Beginner’s Guide to Birdwatching

Have you ever fancied yourself as a birdwatcher? Whether you own a pair of binoculars or not, many people are aware of the birds they regularly see visiting their garden, or in the local park. Some people will go out of their way to search for birds on a morning walk, while others may even fly across the country just to catch a glimpse of one species they have never seen before. The secret world of birdwatchers really is just as diverse and varied as the world of birds, but for a beginner who is interested in learning more, it is often hard to find out what the next step is. Here at Bintel, we have been supporting the Australian birdwatching community for over 30 years, and know all the little ins-and-outs of not just binoculars, but of the hobby itself. Our sales employees include both amateur and professional birdwatchers, and once customers get talking to us, we often find that a small word of advice can go a long way for those just starting out. It is with this in mind that we bring you this guide to getting started!

1: Every birdwatcher needs a book!

Whether you just want to know what that small orange and grey bird is out your back window, or you’re an expert trying to distinguish between two small brown birds in the distance, all birders needs to own a field guide. Living in Australia, we’re lucky in that there are a wide range of books available, for a wide range of budgets. Flicking through a thick field guide covering every species in the country can be daunting at first, but with a bit of practice, you’ll be able to remember which page the parrots are on, which sections to check if the bird is walking on the ground, and how to narrow down your options to just one or two possible species. Some of the most popular field guides in Australia are listed below,

  • Regional Field Guide to Birds by Pizzey et. al – a small, compact option for those who want to start small, these guides cover Australia in discrete sections ($25 each, 4 volumes)
  • Field Guide to the Birds of Australia by Simpson & Day – a superbly illustrated book covering every species in Australia, with compact text accounts and distribution maps ($40)
  • The Field Guide to the Birds of Australia by Pizzey et. al – the full version of the regional field guides, Pizzey has been a favourite amongst Australian birders for many years ($45)
  • The Australian Bird Guide by Menkhorst et. al – the newest and most comprehensive Australian field guide ever produced! In production for over a 10 years, the authors and illustrators are well-respected birdwatchers, with decades of experience under their belts ($50)

australian bird guide

2: Now, where do I go looking for birds?

Anywhere! Birds are all around us, and can be found even in the most desolate places, where specially evolved species eke out an existence. Try visiting the nearest national park (the bigger the better), or look up your local area on google with the additional term “birdwatching” at the end of the search phrase – you may be surprised with what comes up. In most capital cities, from Sydney and Melbourne to Darwin and Perth, it’s possible for local birdwatchers to see up to 200 species in one year without travelling more than 50 kilometres!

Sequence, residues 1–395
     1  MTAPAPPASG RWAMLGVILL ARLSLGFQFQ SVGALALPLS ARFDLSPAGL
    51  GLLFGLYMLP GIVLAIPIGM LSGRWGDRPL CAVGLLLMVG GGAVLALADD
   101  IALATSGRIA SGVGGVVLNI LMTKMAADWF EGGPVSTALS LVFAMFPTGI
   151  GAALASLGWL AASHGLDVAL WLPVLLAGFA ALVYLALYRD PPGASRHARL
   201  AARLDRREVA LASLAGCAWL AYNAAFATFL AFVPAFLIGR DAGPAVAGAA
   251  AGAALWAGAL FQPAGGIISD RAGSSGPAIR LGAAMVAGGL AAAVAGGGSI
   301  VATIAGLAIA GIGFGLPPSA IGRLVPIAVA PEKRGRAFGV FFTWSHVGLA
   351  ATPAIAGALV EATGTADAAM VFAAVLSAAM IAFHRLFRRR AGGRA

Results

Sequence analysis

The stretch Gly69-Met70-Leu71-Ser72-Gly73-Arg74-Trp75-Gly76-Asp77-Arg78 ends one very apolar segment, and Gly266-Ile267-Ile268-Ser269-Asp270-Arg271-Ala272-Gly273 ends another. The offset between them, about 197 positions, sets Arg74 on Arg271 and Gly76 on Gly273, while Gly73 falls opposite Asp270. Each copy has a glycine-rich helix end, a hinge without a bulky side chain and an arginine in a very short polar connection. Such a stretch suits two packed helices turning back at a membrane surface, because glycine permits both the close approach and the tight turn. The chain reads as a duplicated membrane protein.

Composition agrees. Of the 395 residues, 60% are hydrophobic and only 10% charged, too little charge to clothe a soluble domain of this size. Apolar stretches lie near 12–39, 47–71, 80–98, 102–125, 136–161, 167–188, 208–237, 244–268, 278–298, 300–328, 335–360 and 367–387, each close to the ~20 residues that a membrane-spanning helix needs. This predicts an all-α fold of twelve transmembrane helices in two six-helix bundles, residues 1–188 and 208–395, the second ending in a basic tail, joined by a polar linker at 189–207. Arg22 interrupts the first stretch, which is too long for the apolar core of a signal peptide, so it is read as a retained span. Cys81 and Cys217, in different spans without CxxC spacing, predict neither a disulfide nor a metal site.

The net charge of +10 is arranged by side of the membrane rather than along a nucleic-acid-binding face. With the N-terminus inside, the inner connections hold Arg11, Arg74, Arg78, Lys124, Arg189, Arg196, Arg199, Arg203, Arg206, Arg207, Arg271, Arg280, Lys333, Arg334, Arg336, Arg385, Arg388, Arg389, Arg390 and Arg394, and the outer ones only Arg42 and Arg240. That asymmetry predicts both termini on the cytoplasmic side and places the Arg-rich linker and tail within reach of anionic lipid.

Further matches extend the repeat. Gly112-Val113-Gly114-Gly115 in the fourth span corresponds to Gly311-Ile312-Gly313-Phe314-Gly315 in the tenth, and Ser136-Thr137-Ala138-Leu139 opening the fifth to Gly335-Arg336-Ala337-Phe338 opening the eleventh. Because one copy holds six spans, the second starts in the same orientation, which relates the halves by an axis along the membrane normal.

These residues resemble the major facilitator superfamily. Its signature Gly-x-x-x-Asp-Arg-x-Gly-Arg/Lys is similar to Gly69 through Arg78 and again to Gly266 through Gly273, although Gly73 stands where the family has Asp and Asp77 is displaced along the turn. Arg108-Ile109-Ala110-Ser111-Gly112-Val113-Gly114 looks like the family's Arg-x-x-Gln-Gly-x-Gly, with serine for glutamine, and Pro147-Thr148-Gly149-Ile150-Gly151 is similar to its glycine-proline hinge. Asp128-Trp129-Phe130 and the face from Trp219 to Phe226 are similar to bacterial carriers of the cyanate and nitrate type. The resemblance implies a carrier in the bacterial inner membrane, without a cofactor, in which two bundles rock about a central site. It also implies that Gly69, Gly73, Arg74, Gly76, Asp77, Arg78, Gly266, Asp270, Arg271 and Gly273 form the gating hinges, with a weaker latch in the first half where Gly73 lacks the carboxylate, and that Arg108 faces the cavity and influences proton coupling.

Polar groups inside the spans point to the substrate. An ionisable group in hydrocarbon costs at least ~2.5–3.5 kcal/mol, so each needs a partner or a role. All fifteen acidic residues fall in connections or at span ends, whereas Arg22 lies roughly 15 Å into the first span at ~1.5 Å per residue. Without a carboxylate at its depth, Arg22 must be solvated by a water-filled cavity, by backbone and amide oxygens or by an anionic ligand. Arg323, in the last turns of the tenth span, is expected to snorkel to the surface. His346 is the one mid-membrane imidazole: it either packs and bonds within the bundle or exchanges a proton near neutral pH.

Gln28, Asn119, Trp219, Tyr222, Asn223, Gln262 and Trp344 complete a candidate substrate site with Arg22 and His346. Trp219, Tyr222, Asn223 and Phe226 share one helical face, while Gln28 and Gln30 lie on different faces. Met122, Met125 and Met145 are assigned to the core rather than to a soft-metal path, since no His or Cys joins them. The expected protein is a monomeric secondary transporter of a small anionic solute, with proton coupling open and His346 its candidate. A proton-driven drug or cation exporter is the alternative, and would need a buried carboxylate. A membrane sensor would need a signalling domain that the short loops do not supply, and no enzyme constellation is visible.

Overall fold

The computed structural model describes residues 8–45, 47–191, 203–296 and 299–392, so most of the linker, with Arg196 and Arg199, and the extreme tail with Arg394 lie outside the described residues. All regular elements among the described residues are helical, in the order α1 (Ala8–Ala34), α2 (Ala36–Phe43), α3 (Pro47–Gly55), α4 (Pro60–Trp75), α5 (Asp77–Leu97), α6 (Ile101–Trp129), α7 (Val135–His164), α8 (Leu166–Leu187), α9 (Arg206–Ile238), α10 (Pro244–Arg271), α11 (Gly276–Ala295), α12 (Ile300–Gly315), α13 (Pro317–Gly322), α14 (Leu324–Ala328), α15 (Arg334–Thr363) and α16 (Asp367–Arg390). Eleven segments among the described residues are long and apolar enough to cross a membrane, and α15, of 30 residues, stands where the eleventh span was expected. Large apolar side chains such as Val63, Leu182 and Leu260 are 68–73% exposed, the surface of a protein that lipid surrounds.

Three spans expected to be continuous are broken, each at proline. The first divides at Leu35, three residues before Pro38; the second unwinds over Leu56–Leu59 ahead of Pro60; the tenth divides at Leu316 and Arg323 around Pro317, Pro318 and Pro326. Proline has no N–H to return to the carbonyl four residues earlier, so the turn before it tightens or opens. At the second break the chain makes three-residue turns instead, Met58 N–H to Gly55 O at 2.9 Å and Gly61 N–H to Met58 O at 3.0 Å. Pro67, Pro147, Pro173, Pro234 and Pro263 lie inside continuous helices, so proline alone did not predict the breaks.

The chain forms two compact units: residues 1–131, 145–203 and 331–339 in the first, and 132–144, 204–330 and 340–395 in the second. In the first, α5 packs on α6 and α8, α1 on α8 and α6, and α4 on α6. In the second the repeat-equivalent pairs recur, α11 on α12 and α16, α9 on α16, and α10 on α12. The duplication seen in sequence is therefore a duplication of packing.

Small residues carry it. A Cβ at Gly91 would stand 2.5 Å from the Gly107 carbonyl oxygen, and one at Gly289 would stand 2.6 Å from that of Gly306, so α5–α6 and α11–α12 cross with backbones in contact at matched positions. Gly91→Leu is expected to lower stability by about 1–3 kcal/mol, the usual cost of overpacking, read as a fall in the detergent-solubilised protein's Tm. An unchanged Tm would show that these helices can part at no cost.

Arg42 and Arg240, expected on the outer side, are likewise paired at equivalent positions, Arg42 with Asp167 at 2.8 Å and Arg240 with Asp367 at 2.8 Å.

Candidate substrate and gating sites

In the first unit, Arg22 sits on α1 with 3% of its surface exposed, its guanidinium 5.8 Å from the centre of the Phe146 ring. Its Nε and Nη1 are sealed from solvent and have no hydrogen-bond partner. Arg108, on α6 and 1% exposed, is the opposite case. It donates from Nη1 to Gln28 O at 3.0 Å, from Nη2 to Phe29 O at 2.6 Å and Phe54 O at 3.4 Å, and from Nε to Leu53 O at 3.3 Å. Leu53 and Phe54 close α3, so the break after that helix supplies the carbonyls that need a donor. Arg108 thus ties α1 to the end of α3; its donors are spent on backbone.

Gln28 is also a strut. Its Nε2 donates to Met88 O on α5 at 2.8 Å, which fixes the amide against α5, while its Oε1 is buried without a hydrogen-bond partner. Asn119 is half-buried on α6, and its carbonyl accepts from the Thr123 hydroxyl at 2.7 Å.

If you’re really keen, there are lots of excellent websites dedicated just to finding birds – free portals like eBird (http://ebird.org/content/australia/) allow you to search for a particular species, and find out where it has been seen recently on a map. Open your field guide to a random page, and pick a bird you want to see, then look it up on eBird – maybe there’s a reliable site just around the corner! Rare bird alert pages such as Birdline (http://www.eremaea.com/) highlight the most recent sightings in each state of the rarest birds, some of which might only be seen in Australia once every 5 years!

Finally, there are of course, books. Particularly if you are about to embark on a trip, maybe caravaning around the country, or visiting relatives in Tasmania, books such as Dolby & Clarke Finding Australian Birds ($45) will tell you where to go, and what to look for! Most sites have small hand-drawn maps for accuracy, or detailed descriptions of where some of the special birds may be found.

ebird

3: What do I do if the birds are too far away?

Well, I’m glad you asked! It so happens that our specialty at Bintel is helping you choose which binoculars are right for your purposes. To truly become a birdwatcher, you need to own a set of binoculars, but they don’t have to cost you an arm and a leg. Ideally, a lightweight model with waterproofing, and a relatively wide field of view will do the job for most birdwatchers, but there are of course plenty to choose from. The full-time staff here at Bintel are well in touch with all of our optics, and have field tested too many models to count! As a result, we have tailored our product range to include only the very best, and are very happy to chat to you any time should you require any advice or assistance in choosing. See our staff picks here, or have a quick look at our top three beginner models below.

Nikon Prostaff 7s 8×30

Nikon Monarch 5 8×42

https://www.bintel.com.au/product/swarovski-cl-companion-8×30-green/

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